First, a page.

Instinct can be quite a thing to overcome.

***

At the end of the hallway, Jacqui knew her ex-colleagues would already be hard at work. Some companies did not abide lateness; this one got twitchy if its staff didn’t show up early. Yes, they’d all be there, beavering away in their own little cubicles, making money for ‘The Company’. The thought made her swell with disgust.  

There would be looks of surprise and confusion when they saw her; they’d all bob their heads up to peer over the divisions at the distraction - what did Geoff call it? Prairie-Dogging, that was it - but she knew that in the end there would be shock and revulsion. Good, they would deserve it! The bitter feeling that was welling up inside her Jacqui couldn’t quite explain – it wasn’t her former colleagues that had fired her – but it felt right somehow to hate them. Her blood boiling, she strode into the room.

“MORNING EVERYONE! ALL WORKING HARD?” she yelled as she burst through the door. Heads shot up immediately, just as she’d predicted. “Just thought I’d pop in and say a final ‘farewell’ to you all now that I’ve moved on. I won’t keep you too long, Mr Simons wouldn’t want – Oh and speak of the fucking devil! Here’s the arsehole now! How’re things, Mr S? Everything going along well without me?”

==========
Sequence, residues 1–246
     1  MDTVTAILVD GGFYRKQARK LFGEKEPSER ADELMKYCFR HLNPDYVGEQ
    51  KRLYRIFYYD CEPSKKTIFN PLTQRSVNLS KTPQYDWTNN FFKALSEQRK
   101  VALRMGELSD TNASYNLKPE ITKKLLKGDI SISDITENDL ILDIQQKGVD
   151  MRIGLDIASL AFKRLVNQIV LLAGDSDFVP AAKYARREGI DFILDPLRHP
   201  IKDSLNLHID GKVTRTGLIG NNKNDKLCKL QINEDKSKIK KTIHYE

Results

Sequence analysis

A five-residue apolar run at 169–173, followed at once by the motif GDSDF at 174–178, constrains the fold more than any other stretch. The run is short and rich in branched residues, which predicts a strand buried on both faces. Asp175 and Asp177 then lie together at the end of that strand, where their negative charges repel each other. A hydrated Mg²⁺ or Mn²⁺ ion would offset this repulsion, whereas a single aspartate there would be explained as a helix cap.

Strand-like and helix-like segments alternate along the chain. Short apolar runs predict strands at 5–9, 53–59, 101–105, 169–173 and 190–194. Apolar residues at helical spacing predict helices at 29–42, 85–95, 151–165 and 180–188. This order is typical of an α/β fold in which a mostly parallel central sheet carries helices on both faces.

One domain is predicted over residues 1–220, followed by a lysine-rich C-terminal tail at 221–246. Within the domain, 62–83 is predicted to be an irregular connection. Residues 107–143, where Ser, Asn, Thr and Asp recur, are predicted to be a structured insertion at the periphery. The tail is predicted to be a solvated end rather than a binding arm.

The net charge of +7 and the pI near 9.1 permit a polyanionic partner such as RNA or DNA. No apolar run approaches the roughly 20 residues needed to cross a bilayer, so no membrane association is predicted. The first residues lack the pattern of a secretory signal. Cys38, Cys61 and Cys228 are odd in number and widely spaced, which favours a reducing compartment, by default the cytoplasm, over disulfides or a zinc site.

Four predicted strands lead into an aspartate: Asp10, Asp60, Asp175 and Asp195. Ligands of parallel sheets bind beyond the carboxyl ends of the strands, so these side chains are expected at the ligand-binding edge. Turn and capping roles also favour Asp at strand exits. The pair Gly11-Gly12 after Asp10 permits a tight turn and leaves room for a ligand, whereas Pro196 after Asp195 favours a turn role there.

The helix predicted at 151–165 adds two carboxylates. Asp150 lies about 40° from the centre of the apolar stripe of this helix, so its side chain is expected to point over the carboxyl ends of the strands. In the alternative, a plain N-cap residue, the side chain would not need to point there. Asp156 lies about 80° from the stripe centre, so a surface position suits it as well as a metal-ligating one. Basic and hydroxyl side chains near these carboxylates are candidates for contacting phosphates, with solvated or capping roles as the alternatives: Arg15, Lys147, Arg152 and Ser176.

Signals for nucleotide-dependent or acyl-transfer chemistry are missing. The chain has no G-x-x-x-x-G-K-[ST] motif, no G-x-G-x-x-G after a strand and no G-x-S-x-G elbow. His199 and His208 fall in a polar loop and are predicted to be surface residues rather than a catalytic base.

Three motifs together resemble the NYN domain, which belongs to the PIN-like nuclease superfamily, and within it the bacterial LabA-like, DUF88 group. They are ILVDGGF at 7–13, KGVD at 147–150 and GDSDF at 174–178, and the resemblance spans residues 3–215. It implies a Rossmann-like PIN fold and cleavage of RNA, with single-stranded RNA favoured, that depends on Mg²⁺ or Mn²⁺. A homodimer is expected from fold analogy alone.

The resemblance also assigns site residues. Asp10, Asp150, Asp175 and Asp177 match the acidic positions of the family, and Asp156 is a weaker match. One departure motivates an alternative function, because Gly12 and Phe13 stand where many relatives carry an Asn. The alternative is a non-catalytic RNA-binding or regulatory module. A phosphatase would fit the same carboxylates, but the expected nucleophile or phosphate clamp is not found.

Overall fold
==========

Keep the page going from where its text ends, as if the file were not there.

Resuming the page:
Mr Simons flushed red in the face as he emerged from his office. “Now Jacqui look, I know you’re upset but…”

“Upset? Oh no, you have me all wrong, Mr S! I mean, come on! What do I have to be upset about? It’s not like you FUCKING FIRED ME, or that I CAN’T PAY MY FUCKING BILLS, or even that I’M GONNA LOSE MY FUCKING HOUSE! Mr S. just stared. Jacqui turned to her left, and found her old colleague, Rick, sat where she’d expected him to be. “Hi Rick, enjoying the show? I’d just like to leave this with you – don’t worry, it won’t explode or anything. It’s just…” She handed him the envelope, “just… it’ll make sense when you read it okay?”

Jacqui turned her attention back to Mr S, who she now saw was edging towards the front desk; and the panic alarm. “Ah-da-da! You don’t want to do that, Mr S!” she said. Mr S’s eyes widened.

“Oh my GOD! She’s got a GUN!” Jacqui couldn’t place the voice that said it, but when she looked down at her hands she saw that they were right. With absolute certainty, she suddenly knew what she had to do.

Jacqui levelled the pistol at Mr S, watching the pathetic prick quiver as the piss began forming a wet patch in the crotch of his trousers. Full of sudden hate, she squeezed the trigger and watched with delight as his brains exploded against the wall behind him, splattering across the company slogan – ‘SimCorp Insurance – Reap ALL that you have sown’.

Laughing manically, Jacqui turned on her heel and sprang at the fire-escape, pushing down on the release bar. The alarms immediately sprung into life. In a trance, she cocked her leg over the railing. She didn’t stop once, didn’t pause for thought for even a split second. She simply glanced over at the car park fifteen floors below; and jumped.

***